Is Social Media Fading Away?

A blog that I enjoy reading is Vegan Runner Eats by Alina Zavatsky.

Alina is a “vegan runner, three-time marathoner, weightlifter, feminist, whole food plant-based diet enthusiast, and a promoter of all things fun, healthy, useful, and creative!” I recently chatted with Alina on Facebook and asked her about her social media habits. Vegan Runner Eats has a social media presence on Facebook, Pinterest, Twitter, Google+, and Instagram. According to Alina she spends “maybe 2 hours a week on social media marketing.” Alina says that she “used to spend more time and effort, but the engagement and ROI have been steadily going down, especially on Facebook.” Despite this Alina still shares recipes to social media platforms often and receives a fair amount of shares, likes, and reactions.  By sharing her blog posts to social media, Alina drives visitors to her blog. On her blog she offers social sharing buttons that allow her audience to easily share her content.

So is Alina’s experience common now? Are other bloggers finding that engagement and ROI is going down on social media channels? Maybe people are just tired of the constant flow of “in their face” information. Can social media make a comeback or are we witnessing the end of the social media craze? Tell me what you think in the comments.

CSS Animations

I just read Ibrahim Nergiz’s article, “How to Use CSS Animations Like a Pro”                    URL https://stories.jotform.com/how-to-use-css-animations-like-a-pro-dfacc1e97338

CSS Animations are one of the coolest design features you can use to “spice up” a website design. Ibrahim Nergiz recently wrote a great article on JotForm titled How to Use CSS Animations Like a Pro. Nergiz details out Keyframes and the use of the Animation properties: Timing, Delay, Play State, Iteration Count, Direction, Fill Mode, and Will-Change.

The rise of pure CSS animations has been very beneficial for designers trying to dress up a website while keeping the load times fast. Using Keyframes to define the different stages of animation eliminates the need for extraneous code written in JavaScript, or (gasp) Flash. By using Keyframes a designer can define an animation stage and then specify that animation name directly in the CSS. This allows a website to still function quickly while adding extra flair with an animation.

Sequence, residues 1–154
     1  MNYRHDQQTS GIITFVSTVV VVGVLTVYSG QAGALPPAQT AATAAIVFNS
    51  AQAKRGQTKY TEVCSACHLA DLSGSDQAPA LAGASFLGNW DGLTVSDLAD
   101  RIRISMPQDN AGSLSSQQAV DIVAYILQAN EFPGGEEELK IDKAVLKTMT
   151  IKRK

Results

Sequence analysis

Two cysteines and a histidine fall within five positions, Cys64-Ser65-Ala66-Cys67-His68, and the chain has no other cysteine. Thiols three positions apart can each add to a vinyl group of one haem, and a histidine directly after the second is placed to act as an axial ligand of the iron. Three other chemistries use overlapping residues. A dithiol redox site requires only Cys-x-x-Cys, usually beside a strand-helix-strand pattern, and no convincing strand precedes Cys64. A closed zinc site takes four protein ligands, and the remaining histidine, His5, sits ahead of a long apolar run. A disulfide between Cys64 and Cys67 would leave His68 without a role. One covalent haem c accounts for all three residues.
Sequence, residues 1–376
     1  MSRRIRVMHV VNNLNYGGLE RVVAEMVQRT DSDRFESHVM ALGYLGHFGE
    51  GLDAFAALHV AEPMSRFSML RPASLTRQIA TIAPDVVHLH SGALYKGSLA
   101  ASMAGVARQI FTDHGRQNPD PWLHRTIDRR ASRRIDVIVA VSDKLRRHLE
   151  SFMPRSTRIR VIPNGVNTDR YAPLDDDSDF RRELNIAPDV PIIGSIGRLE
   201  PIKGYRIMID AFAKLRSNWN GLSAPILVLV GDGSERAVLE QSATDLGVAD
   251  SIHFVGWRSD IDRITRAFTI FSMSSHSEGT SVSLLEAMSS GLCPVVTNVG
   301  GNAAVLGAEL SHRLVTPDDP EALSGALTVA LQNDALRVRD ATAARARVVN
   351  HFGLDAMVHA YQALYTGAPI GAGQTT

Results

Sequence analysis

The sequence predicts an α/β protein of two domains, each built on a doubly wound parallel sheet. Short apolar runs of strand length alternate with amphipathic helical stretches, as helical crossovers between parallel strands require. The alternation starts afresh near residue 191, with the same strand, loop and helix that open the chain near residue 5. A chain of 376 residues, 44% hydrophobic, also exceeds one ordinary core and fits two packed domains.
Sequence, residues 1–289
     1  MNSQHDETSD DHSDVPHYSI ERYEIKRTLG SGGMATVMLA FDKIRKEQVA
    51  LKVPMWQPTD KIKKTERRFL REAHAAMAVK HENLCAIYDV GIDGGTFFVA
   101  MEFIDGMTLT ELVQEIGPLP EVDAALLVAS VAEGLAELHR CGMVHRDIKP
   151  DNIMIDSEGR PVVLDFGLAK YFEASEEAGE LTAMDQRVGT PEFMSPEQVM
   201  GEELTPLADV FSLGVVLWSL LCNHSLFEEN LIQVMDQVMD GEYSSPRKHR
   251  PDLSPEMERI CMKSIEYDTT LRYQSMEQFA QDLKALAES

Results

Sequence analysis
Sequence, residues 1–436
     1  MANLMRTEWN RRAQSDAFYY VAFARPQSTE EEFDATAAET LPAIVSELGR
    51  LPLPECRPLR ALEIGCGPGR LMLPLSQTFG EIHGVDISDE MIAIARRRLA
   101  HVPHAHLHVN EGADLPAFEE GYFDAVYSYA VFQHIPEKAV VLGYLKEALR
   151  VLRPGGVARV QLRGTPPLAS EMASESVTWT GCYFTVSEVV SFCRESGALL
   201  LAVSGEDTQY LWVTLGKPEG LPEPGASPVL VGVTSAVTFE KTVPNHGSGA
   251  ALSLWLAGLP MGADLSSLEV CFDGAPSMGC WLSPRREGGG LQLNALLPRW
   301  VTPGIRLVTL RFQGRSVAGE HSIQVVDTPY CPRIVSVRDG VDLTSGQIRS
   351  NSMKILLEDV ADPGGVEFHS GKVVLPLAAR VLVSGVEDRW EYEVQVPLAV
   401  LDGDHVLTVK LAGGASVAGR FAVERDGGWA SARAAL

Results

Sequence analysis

Nergiz also discusses the “The Super 4”: position, scale, rotation, and opacity. These are the values that are commonly used when defining Keyframes to create animation effects. CSS Animation is achieved by changing the position, scale, rotation, and/or opacity of an object.  With these “Super 4” a web designer can easily create highly-customizable animations that add movement to their web pages. If you are a web designer looking to make your web pages stand out, I highly recommend checking out Nergiz’s article here.

Welcome to Disposti Web!

My name is Courtney Disposti and I operate 2nd Mouse Media, a website design and web development company based in Hendersonville, NC. Disposti Web is a new blogging venture from 2nd Mouse Media which focuses on offering awesome web design and development tips and tricks.  Topics will be specifically related to Bootstrap Website Design, Joomla Web Development, Android Application Development, and Java Web Development. I look forward to hearing all of your feedback and am excited to begin this blogging journey.